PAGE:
Back to Myler:
Unfortunately, our press is less free today after another judgement based on privacy laws emanating from Europe.
Oh Europe, you devil.
But of course he’s talking rubbish. If there was a genuine public interest, the judge may have found in favour of the newspaper. What you must not do is invade someone’s privacy and then make things up to justify the invasion. What confuses me is that this seems so reasonable yet newspaper editors don’t seem to comprehend it.
If his statement is honest, it calls into question his competence to run a newspaper.
How those very general laws should work in practice has never been debated in the UK parliament. English judges are left to apply those laws to individual cases here using guidance from judges in Strasbourg who are unfriendly to freedom of expression. The result is that our media are being strangled by stealth.
That is why the News of the World will remain committed to fighting for its readers’ right to know.
We are also pleased that the judge did not award Mr Mosley exemplary damages.
He found that the notion of such punitive awards has no place in this creeping law of privacy.
The News of the World believes passionately that its readers deserve to be informed of when the trust is placed in their elected leaders and public officials has been violated.
It is not for the rich and the famous, the powerful and the influential, to dictate the news agenda, just because they have the money and the means to gag a free press.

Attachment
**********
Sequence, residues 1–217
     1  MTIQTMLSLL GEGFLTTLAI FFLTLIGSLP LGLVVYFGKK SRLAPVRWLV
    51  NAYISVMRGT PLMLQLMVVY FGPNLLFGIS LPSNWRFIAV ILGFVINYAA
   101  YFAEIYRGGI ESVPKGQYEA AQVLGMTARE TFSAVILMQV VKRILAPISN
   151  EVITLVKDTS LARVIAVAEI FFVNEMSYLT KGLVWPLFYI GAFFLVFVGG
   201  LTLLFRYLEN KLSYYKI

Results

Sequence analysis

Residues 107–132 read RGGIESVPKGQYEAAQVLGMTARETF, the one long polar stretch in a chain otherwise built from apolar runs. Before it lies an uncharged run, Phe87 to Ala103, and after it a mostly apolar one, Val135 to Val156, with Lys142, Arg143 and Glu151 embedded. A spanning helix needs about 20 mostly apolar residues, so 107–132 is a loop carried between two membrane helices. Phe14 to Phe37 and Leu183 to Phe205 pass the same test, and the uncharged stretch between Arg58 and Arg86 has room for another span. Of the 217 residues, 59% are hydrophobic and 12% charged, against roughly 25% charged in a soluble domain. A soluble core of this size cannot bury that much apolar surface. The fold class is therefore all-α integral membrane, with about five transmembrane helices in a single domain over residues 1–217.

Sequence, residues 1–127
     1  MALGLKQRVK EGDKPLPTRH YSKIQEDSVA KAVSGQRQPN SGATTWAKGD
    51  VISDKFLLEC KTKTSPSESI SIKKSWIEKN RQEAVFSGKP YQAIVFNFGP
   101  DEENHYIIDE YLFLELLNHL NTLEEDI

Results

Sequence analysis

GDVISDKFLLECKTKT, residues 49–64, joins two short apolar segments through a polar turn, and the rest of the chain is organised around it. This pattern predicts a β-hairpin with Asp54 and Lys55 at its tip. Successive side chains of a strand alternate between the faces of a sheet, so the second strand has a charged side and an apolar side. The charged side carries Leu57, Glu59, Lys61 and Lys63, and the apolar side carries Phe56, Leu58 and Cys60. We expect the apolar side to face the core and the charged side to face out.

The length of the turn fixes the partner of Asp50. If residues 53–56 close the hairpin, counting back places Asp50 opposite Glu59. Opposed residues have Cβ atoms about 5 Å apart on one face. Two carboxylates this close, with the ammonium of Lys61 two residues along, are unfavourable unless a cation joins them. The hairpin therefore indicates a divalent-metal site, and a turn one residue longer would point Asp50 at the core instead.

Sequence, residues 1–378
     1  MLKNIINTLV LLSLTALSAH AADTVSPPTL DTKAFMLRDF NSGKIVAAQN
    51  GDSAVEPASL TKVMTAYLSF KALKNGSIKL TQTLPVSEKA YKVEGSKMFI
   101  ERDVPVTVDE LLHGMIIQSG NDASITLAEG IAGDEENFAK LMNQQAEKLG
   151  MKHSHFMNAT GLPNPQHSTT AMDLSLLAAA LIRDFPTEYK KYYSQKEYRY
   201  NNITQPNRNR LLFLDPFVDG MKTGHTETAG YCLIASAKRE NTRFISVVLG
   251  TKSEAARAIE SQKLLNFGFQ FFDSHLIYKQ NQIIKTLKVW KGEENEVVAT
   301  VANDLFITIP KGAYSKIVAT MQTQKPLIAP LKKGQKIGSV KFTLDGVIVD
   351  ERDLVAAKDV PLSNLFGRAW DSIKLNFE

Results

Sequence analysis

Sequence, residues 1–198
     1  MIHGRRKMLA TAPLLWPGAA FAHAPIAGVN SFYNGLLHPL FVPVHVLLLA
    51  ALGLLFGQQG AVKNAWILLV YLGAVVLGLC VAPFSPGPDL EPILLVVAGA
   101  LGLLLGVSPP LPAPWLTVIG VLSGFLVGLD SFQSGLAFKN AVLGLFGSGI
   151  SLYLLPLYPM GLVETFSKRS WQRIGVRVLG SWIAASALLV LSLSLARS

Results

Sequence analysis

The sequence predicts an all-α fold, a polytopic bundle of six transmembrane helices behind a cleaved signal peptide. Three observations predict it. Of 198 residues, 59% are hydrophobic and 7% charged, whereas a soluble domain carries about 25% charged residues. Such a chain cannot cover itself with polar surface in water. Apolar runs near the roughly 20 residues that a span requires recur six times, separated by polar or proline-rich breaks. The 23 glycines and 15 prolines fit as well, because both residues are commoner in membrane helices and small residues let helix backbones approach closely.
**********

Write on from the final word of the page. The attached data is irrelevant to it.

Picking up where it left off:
Missing the point entirely – reader’s do not have an overwhelming “right to know”: “the Claimant had a reasonable expectation of privacy in relation to sexual activities (albeit unconventional) carried on between consenting adults on private property.”
The judgement seems very detailed and well reasoned particularly on this point.
There also seemed to be an element of blackmail:
[Neville Thurlbeck, chief reporter, News of the World] became more insistent the following day:”I’m just about to send you [the women involved] a series of pictures which will form the basis of our article this week. We want to reveal the identities of the girls involved in the orgy with Max as this is the only follow up we have to our story.
Our preferred story however, would be you speaking to us directly about your dealings with Max. And for that we would be extremely grateful. In return for this, we would grant you full anonimity [sic], pixilate your faces on all photographs and secure a substantial sum of money for you.
This puts you firmly in the driving seat and allows you much greater control as well as preserving your anonimities [sic] (your names won’t be used or your pictures).
Please don’t hesitate to call me … or email me with any thoughts.
The judge said of this,
it would appear that Mr Myler [editor of the News of the World] did not consider there was anything at all objectionable about Mr Thurlbeck’s approach to the two women, as he did not query it at any stage. This discloses a remarkable state of affairs.
Nor did Thurlbeck appear to understand that it could constitute blackmail when he threatened people that something might be revealed unless they did something for him.
It reminds me of how the media used to treat homosexuals – “we can out you, or you can give us an exclusive story and come out to us. You’ll be in the driving seat…”
All very nasty. Let’s destroy people’s lives in order to sell newspapers to the prurient.
And is it not a concern that Women E’s husband, an employee of MI5,”saw the opportunity of making £25,000 out of the News of the World and who made the first approach.”